# Difference between revisions of "Linear norm"

This is the wiki page for understanding seminorms of linear growth on a group $G$ (such as the free group on two generators). These are functions $\| \|: G \to [0,+\infty)$ that obey the triangle inequality

$\|xy\| \leq \|x\| + \|y\| \quad (1)$

and the linear growth condition

$\|x^n \| = |n| \|x\| \quad (2)$

for all $x,y \in G$ and $n \in {\bf Z}$.

We use the usual group theory notations $x^y := yxy^{-1}$ and $[x,y] := xyx^{-1}y^{-1}$.

## Key lemmas

Henceforth we assume we have a seminorm $\| \|$ of linear growth. The letters $s,t,x,y,z,w$ are always understood to be in $G$, and $i,j,n,m$ are always understood to be integers.

From (2) we of course have

$\|x^{-1} \| = \| x\| \quad (3)$

Lemma 1. If $x$ is conjugate to $y$, then $\|x\| = \|y\|$.

Proof. By hypothesis, $x = zyz^{-1}$ for some $z$, thus $x^n = z y^n z^{-1}$, hence by the triangle inequality

$n \|x\| = \|x^n \| \leq \|z\| + n \|y\| + \|z^{-1} \|$

for any $n \geq 1$. Dividing by $n$ and taking limits we conclude that $\|x\| \leq \|y\|$. Similarly $\|y\| \leq \|x\|$, giving the claim. $\Box$

An equivalent form of the lemma is that

$\|xy\| = \|yx\| \quad (4).$

We can generalise Lemma 1:

Lemma 2. If $x^i$ is conjugate to $wy$ and $x^j$ is conjugate to $zw^{-1}$, then $\|x\| \leq \frac{1}{|i+j|} ( \|w\| + \|z\| )$.

Proof. By hypothesis, $x^i = s wy s^{-1}$ and $x^j = t zw^{-1} t^{-1}$ for some $s,t$. For any natural number $n$, we then have

$x^{in} x^{jn} = s wy \dots wy s^{-1} t zw^{-1} \dots zw^{-1} t^{-1}$

where the terms $wy, zw$ are each repeated $n$ times. By Lemma 1, conjugation by $w$ does not change the norm. From many applications of this and the triangle inequality, we conclude that

$|i+j| n \|x\| = \| x^{in} x^{jn} \| \leq \|s\| + n \|y\| + \|s^{-1} t\| + n \|z\| + \|t^{-1}\|.$

Dividing by $n$ and sending $n \to \infty$, we obtain the claim. $\Box$

## Corollaries

Corollary 0. The eight commutators $[x^{\pm 1}, y^{\pm 1}], [y^{\pm 1}, x^{\pm 1}]$ all have the same norm.

Proof. Each of these commutators is conjugate to either $[x,y]$ or its inverse. $\Box$

Corollary 1. The function $n \mapsto \|x^n y\|$ is convex in $n$.

Proof. $x^n y$ is conjugate to $x (x^{n-1} y)$ and to $(x^{n+1} y) x^{-1}$, hence by Lemma 2

$\| x^n y \| \leq \frac{1}{2} (\| x^{n-1} y \| + \| x^{n+1} y \|),$

giving the claim. $\Box$

Corollary 2. For any $k \geq 1$, one has

$\| [x,y] \| \leq \frac{1}{2k+2} (\| [x^{-1},y^{-1}]^k x^{-1} \| + \| [x,y]^k x \|).$

Thus for instance

$\| [x,y] \| \leq \frac{1}{4} (\| [x^{-1},y^{-1}] x^{-1} \| + \| [x,y] x \|).$

Proof. $[x,y]^{k+1}$ is conjugate both to $x(y[x^{-1},y^{-1}]^k x^{-1}y^{-1})$ and to $(y^{-1} [x,y]^k xy)x^{-1}$, hence by Lemma 2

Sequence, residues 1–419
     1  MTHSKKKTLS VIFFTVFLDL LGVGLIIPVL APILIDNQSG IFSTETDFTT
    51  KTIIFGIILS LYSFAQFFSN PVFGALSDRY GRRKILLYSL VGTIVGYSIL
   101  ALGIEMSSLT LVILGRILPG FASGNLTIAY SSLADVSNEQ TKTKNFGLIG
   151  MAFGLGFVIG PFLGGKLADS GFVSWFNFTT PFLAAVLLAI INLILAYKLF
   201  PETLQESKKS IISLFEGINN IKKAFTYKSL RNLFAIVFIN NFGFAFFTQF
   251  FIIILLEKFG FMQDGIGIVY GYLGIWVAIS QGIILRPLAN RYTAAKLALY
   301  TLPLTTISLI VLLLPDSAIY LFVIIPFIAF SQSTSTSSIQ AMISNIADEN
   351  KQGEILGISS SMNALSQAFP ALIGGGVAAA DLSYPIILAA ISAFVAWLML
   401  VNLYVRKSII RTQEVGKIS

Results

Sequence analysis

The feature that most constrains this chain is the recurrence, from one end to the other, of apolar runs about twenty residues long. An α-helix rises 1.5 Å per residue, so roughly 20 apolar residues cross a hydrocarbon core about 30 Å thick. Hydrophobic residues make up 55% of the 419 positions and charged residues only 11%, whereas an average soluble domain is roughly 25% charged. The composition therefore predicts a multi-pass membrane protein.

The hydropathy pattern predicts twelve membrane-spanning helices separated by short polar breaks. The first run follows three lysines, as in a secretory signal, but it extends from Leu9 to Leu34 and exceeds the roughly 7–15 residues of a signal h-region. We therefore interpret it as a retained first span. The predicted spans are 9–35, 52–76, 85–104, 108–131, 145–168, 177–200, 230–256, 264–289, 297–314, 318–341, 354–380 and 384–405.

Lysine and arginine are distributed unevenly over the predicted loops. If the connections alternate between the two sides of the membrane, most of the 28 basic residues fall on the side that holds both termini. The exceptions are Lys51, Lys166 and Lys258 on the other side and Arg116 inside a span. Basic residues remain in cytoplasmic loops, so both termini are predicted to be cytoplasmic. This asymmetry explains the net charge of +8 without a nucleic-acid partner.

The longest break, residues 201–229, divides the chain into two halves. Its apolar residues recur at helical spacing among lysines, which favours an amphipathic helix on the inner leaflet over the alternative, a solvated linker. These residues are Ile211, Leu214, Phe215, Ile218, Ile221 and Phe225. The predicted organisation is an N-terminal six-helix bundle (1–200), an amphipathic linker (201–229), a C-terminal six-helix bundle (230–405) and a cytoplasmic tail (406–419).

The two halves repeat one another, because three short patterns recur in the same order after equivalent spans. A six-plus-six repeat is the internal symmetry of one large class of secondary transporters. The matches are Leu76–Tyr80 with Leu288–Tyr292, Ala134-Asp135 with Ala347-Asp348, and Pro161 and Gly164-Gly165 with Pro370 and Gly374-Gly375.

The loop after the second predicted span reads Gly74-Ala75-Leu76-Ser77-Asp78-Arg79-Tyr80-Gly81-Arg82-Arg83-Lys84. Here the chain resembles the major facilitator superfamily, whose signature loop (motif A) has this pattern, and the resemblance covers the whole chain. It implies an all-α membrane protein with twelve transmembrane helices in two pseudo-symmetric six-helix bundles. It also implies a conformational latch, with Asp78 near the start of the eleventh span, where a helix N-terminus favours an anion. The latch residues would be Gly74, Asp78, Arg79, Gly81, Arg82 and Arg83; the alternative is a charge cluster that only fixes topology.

$\| [x,y] \| \leq \frac{1}{2k+2} ( \| y[x^{-1},y^{-1}]^k x^{-1} \| + \| (y^{-1} [x,y]^k xy)x^{-1}\|)$

giving the claim by Lemma 1. $\Box$

Corollary 3. One has

$\|[x,y]^2 x\| \leq \frac{1}{2} ( \| x y^{-1} [x,y] \| + \| xy [x,y] \| ).$

Proof. $[x,y]^2 x$ is conjugate both to $y (x^{-1} y^{-1} [x,y] x^2)$ and to $(x[x,y]xyx^{-1}) y^{-1}$, hence by Lemma 2

$\displaystyle \|[x,y]^2 x\| \leq \frac{1}{2} ( \|x^{-1} y^{-1} [x,y] x^2\| + \|x[x,y]xyx^{-1}\|)$

giving the claim by Lemma 1. $\Box$

Corollary 4. One has

$\| [x,y] x\| \leq \frac{1}{4} ( \| x^2 y [x,y] \| + \| xy^{-1} x [x,y] \| ).$

Proof. $([x,y] x)^2$ is conjugate both to $y^{-1} (x [x,y] x^2 y x^{-1})$ and to $(x^{-1} y^{-1} x [x,y] x^2) y$, hence Lemma 2

$\| [x,y] x\| \leq \frac{1}{4} ( \| x [x,y] x^2 y x^{-1} \| + \| x^{-1} y^{-1} x [x,y] x^2 \| ),$

giving the claim by Lemma 1. $\Box$

Corollary 5. One has

$\|[x,y] x\| \leq \|x\| + \frac{1}{2} \| [x^2, y] \|$.

Proof. $[x,y]x$ is conjugate to both $x [x^{-2},y^{-1}]$ and to $(y^{-1} x^2 y) x^{-1}$, hence by Lemma 2

$\| [x,y] x\| \leq \frac{1}{2} ( \| [x^{-2}, y^{-1}] \| + \| y^{-1} x^2 y \| ),$

giving the claim by Lemma 1 and Corollary 0. $\Box$

Corollary 6. One has

$\| [x,y]\| \leq \frac{1}{4} ( \| x\| + \| [x^2,y] \| + \| [x,y] x\| )$.

Proof. From Lemma 2 we have

$\| [x,y] \| \leq \frac{1}{4} ( \| x^{-1} [x,y]^2 \| + \| [x,y] x \| ).$

Since $x^{-1} [x,y]^2$ is conjugate to $(yx^{-1} y^{-1}) (xyx^{-2} y^{-1} x)$, we have

$\| x^{-1} [x,y]^2 \| \leq \| yx^{-1} y^{-1} \| + \|xyx^{-2} y^{-1} x\|$

and the claim follows from Lemma 1 and (3). $\Box$

Corollary 7. For any $m,k \geq 1$, one has

$\| x^m [x,y]^k \| \leq \frac{1}{2} ( \| x^{m-1} [x,y]^k \| + \|x^{m+1} [x,y]^{k-1} \| )$.

Proof.  ???

## Iterations

Call a pair of real numbers $(\alpha,\beta)$ admissible if one has the inequality

$\| [x,y] \| \leq \alpha \|x\| + \beta \|y \|$

for all $x,y$. Clearly the set of admissible pairs is closed and convex, and if $(\alpha,\beta)$ is admissible then so is $(\alpha',\beta')$ for any $\alpha' \geq \alpha, \beta' \geq \beta$. From Corollary 0 we also see that the set is symmetric: $(\alpha,\beta)$ is admissible if and only if $(\beta,\alpha)$ is.

Writing $[x,y] = y^x y^{-1}$ we see that $(0,2)$ is admissible, and similarly so is $(0,2)$.

Proposition 1. If $(\alpha,\beta)$ is admissible, then so is $(\frac{\alpha+1}{2}, \frac{\beta}{4})$.

Proof. From Corollary 5 and hypothesis one has

$\| [x,y] x\| \leq \|x\| + \frac{1}{2} ( \alpha \|x^2\| + \beta \|y\| ) = (\alpha+1) \|x\| + \frac{\beta}{2} \|y\|$

and hence also

$\| [x^{-1},y^{-1}] x^{-1}\| \leq (\alpha+1) \|x\| + \frac{\beta}{2} \|y\|.$

From Corollary 2 we thus have

$\| [x,y]\| \leq \frac{\alpha+1}{2} \|x\| + \frac{\beta}{4} \|y\|.$

The map $(\alpha,\beta) \mapsto (\frac{\alpha+1}{2}, \frac{\beta}{4})$ is a contraction with fixed point $(1,0)$. Thus

$\|[x,y]\| \leq \|x\| \quad (4)$.

From symmetry we also see that if $(\alpha,\beta)$ is admissible, then so is (\frac{\beta+1}{2}, \frac{\alpha}{4})[/itex]. The map $(\alpha,\beta) \mapsto (\frac{\beta+1}{2}, \frac{\alpha}{4})$ is a contraction with fixed point (4/7,1/7), thus

$\|[x,y]\| \leq \frac{4}{7} \|x\| + \frac{1}{7} \|y\|$.